Employee Psychology

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The Upside of Being a Woman Among ‘Bros’

  • Blog
  • Read Time: 5 min 

“Bro” culture in business and the institutional sexism it can breed are hot topics these days. But could there be situations where there is an advantage to being a woman in a workplace full of bros — men who form tight, in-group ties? New research on gender and leadership in the workplace looked at the willingness of managers to accept advice and feedback from subordinates. The findings: In certain circumstances, managers are actually more responsive to suggestions from the opposite gender.

The Missing Piece in Employee Development

In recent years, organizations have begun to prioritize processes for improving future performance over evaluating employees’ past efforts. Yearly development objectives and annual reviews are being replaced by real-time feedback delivered directly by line managers. Although this shift holds much promise, it risks bumping up against some hard realities — namely, the ability of line managers to help employees develop. In reality, many managers aren’t confident they can change employee behavior.

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How to Have Influence

The difference between effective and ineffective change makers is that the effective ones don’t rely on a single source of influence. They marshal several sources at once to get superior results.

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The Power of Moderation

Employees with deep motivation, strong commitment, unquestioned loyalty and widely shared values can have drawbacks. Much has been written about the upside of deep commitment, but employers need to be wary of workers who identify too much with the company. Overidentification, says the author, may lead to an ends-justifies-the-means outlook, unethical actions, substitution of personal needs for company goals and resentment when the company doesn’t meet employees’ expectations.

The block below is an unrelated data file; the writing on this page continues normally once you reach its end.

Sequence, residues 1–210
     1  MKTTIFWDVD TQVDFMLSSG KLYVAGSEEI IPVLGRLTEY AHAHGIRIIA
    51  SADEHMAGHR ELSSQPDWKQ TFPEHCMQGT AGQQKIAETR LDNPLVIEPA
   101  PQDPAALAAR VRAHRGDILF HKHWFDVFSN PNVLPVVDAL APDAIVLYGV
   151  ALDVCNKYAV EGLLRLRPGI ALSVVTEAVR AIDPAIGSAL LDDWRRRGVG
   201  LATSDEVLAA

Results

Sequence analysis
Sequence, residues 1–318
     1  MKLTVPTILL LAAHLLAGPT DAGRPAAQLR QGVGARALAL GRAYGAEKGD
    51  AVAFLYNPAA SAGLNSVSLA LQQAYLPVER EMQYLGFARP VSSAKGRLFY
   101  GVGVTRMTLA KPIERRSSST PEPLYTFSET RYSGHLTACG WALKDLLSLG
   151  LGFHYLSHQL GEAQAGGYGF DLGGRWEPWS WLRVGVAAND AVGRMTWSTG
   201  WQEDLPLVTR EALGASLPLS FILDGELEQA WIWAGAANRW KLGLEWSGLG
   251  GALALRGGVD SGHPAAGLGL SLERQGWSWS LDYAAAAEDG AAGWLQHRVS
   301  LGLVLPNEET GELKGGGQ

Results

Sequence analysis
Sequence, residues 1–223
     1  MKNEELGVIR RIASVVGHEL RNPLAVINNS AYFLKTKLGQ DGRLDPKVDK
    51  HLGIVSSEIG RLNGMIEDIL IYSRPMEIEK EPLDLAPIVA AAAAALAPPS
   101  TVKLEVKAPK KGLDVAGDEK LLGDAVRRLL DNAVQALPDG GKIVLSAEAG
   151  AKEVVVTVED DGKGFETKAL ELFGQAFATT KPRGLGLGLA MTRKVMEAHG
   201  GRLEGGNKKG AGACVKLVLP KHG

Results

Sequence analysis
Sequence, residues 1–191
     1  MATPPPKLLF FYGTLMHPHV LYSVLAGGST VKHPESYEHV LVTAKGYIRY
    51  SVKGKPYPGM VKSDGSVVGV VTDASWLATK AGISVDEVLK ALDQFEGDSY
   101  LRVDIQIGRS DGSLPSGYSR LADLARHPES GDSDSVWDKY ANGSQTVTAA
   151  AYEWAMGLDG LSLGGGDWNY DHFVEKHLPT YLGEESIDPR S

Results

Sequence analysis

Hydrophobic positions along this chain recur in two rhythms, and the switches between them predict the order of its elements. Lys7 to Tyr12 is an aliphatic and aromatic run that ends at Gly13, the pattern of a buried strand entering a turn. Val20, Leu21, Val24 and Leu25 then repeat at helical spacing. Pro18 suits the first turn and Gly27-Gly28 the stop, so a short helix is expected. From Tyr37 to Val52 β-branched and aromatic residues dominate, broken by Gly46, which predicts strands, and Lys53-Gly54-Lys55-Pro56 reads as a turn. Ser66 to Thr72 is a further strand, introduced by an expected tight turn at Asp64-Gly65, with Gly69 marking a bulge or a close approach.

The Hidden Costs of Organizational Dishonesty

When companies act dishonestly, the psychological costs outweigh any short-term gains. Dishonesty ultimately decreases repeat business and increases worker turnover and employee theft. Degradation of a company’s reputation, adverse effects on employee values and increased surveillance of workers through expensive new systems eat at an organization’s health. The authors offer proof that honesty is still the best policy.

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Escaping the Identity Trap

Organizations, like people, have essential natures defined by their formative experiences, their beliefs, their knowledge bases and their core competences. Attempts at change that are in conflict with this core identity are often doomed to failure. Managers can learn to recognize such conflicts and initiate identity change to make their companies more adaptive.

Rebuilding Behavioral Context: Turn Process Reengineering into People Rejuvenation

Why are some companies able to remain vital, even after extensive reengineering, while others flounder and fail? The answer, according to these authors, lies in a company’s ability to rejuvenate its employees by establishing a behavioral context with four characteristics — discipline, support, trust and stretch. The authors show how companies like Intel and 3M have been able to renew themselves by creating an environment in which people are the most important resource.

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